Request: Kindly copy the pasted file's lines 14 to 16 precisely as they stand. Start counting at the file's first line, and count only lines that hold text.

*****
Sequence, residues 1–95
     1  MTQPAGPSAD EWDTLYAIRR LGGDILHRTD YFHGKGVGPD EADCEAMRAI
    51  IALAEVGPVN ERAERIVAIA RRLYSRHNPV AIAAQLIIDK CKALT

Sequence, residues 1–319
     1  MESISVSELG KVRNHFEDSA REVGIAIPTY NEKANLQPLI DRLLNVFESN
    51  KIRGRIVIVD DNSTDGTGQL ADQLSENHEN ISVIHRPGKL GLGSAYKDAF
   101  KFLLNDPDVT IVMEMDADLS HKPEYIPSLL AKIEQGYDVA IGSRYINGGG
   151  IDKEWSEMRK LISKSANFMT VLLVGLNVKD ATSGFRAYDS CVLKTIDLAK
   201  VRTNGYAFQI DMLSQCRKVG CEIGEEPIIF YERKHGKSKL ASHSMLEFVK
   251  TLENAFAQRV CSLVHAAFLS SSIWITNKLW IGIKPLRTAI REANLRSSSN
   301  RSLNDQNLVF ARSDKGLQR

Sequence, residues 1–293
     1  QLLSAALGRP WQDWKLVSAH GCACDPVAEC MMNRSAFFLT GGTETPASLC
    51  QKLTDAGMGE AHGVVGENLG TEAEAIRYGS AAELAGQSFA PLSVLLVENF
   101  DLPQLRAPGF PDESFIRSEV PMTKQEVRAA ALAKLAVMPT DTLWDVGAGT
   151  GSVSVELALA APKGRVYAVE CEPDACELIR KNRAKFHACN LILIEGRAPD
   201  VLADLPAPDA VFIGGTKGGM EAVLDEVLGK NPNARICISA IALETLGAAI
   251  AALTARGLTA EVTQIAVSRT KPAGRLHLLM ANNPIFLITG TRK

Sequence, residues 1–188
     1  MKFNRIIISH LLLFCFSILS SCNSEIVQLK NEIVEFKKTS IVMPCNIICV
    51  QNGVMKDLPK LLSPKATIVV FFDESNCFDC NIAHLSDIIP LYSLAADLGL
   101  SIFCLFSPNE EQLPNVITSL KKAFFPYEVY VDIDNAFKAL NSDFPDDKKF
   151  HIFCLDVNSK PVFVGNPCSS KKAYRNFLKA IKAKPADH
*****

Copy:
    51  QKLTDAGMGE AHGVVGENLG TEAEAIRYGS AAELAGQSFA PLSVLLVENF
   101  DLPQLRAPGF PDESFIRSEV PMTKQEVRAA ALAKLAVMPT DTLWDVGAGT
   151  GSVSVELALA APKGRVYAVE CEPDACELIR KNRAKFHACN LILIEGRAPD